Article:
Listen back in full here

Previously: La Forza De Destino 

50 thoughts on “Proportionate Measures

        1. dav

          white collar, probably fleecing money from the state via “tax breaks” or “investment vehicles” but it’s not theft you see, it’s solid “investment”

          Reply
    1. The Old Boy

      I don’t know, If Simon Harris told the press that I had to do something for the sake of the nation’s health and well-being, I’d be a more than a little miffed if he hadn’t discussed it with me first.

      Reply
  1. wearnicehats

    After Sunday’s horror show I’m all for the rugby being cancelled. I’m definitely up for the 17th March vomit-fest being cancelled too. I’m also feeling a bit sniffly today and, despite it being winter and really cold, I certainly need to self isolate for a few days. Maybe in Portugal.

    This total hysteria has to be nipped in the bud though.

    Reply
  2. bisted

    …between hotel and cruise lock-ins, mid-term ski trip casualties, rugby trip cancellations…is this plague at risk becoming a fashion statement in Europe?

    Reply
    1. some old queen

      I miss lock-ins. A certain venue which was owned by a well known band along the quays used to throw the maddest ones every time a big band or DJ came to Dublin- good times.

      Reply
    1. ReproBertie

      I’d imagine it’s the total opposite and they’re itching for a chance to get back out and shake off the defeat.

      Reply
  3. Dr.Fart

    Rugby uber alles! even life. christ.. imagine dying, because the IRFU really wanted us to play Italy. Not even good opposition, not even an important game. unreal.

    Reply
    1. Salmon Eile

      Agreed! Ban it. Send a message to the FG Sheepcoat Gammon in the stands and their offspring in fee-paying schools.

      Fuppin’ oul wans.

      Reply
  4. Dr.Fart

    it’s not really a time for “ah it’ll be grand” levels of Irish response. Who cares about playing Italy in one random 6 nations? some ties in IRFU? fupp em. dont risk lives because some old blackrock alumni want to watch it on saturday with their dumb rich pals.

    Reply
  5. GiggidyGoo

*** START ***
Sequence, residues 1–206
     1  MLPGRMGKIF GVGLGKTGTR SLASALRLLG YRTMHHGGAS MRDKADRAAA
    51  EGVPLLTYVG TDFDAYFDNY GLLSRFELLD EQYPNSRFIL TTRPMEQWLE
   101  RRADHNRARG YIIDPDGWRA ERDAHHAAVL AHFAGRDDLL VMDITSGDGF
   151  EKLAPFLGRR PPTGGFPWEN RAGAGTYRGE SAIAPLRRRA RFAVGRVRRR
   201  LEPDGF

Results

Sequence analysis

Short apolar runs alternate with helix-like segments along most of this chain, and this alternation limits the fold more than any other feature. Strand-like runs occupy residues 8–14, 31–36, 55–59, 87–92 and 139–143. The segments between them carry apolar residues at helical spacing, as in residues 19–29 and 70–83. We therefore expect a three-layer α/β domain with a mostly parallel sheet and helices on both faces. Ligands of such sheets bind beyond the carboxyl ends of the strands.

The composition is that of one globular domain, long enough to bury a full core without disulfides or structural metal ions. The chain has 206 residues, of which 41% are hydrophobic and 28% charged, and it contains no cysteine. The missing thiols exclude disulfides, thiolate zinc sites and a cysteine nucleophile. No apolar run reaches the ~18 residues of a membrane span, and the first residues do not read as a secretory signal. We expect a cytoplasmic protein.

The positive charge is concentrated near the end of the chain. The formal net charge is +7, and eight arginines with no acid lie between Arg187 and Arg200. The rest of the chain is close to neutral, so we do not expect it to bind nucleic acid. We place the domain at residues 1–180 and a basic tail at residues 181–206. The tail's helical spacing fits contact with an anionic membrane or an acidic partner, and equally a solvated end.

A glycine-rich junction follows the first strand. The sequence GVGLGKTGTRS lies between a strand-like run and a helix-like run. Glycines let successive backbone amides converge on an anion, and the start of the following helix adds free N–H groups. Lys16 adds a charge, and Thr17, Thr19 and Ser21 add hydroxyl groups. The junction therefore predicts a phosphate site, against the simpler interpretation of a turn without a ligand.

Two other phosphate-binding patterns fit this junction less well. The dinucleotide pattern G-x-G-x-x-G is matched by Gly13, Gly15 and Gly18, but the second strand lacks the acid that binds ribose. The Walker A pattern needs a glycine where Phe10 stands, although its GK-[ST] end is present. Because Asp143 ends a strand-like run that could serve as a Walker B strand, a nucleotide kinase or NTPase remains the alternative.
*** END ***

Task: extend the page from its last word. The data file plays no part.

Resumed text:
So – the Italian supporters who have paid for their airline tickets and accommodation. They are hardly going to cancel are they? Which means that they will be in Ireland anyway, and are as much a threat on the plane, in the hotels, bars as they would be at the match. So you can cancel the match, have the match behind closed doors where only the players will be at risk maybe, but the Italian supporters will be in Ireland regardless – unless the Airlines issue warnings against travel, in which case they may get refunds of their airline ticket.
    And of course it’s not just Italy – will airlines be grounded from all areas that has had outbreaks?

    Reply
    1. ReproBertie

      The 2,500 Italian travelling fans would not be as much of a threat on the plane, in the hotels , bars etc as they will not come into contact with as many people as they would at a match attended by 50,000.

      They would still be a risk but the risk is reduced by preventing the mass gathering that the match brings about.

      Reply
      1. dav

        I hope none of them use a taxi, and if yes that taxi doesn’t take any fares afterwards, and if yes those fares and if yes those fares go straight home and self isolate……

        Reply
      2. GiggidyGoo

        Jeez. Are you really that dense?

        Wow, maybe I should ease back on my name calling and aggression.

        I probably don’t want to get banned.

        Reply
        1. ReproBertie

          Rather than tossing insults around I suggest you go to the abysmal RTÉ player and watch last night’s Prime Time. Miriam asked the question about people being in bars etc and was told, repeatedly that the concern is around mass gatherings, not around people travelling. It may change as more information comes out but right now that’s where we are.

          Reply
    2. Salmon Eile

      And where are they going to congregate you numpty? At the next Sinn Fein mass meeting? That’s the whole point – mass contact, not 1-on-1.

      Reply
      1. GiggidyGoo

        If the match went ahead with no attendance, there are such things as TVs and I think a fair lot of hotels and bars might have such things.
        If the match doesn’t go ahead, then they’d be here on a short holiday break. They wouldn’t have to congregate then now would they?
        All it takes is one by the way.
        Are you always that far behind in the brain stakes?

        Reply
        1. Ringsend Incinerator

          Why is the focus on Italian fans?

          It’s almost as if no Irish people with rugby tickets have travelled to CoronaVirus countries recently. No, none at all.

          Ban the bloody game FFS.

          Reply
          1. ReproBertie

            Right now there is only one case where asymptomatic transmission has been “suggested” and it is being considered an anomaly by those studying the virus. That’s why the advise is only to self isolate if people are symptomatic rather than shutting down schools where students have returned from Italy.

        2. ReproBertie

          “All it takes is one by the way”
          Yes and we can’t stop the one but we can limit the number of people they come into contact with by, for example, preventing them attending an event with 50,000 others.

          Reply
    1. Spaghetti Hoop

      The right decision.
      I can see why the IRFU seeked clarification – Harris can be very vague and empty in what he comes out with.

      Reply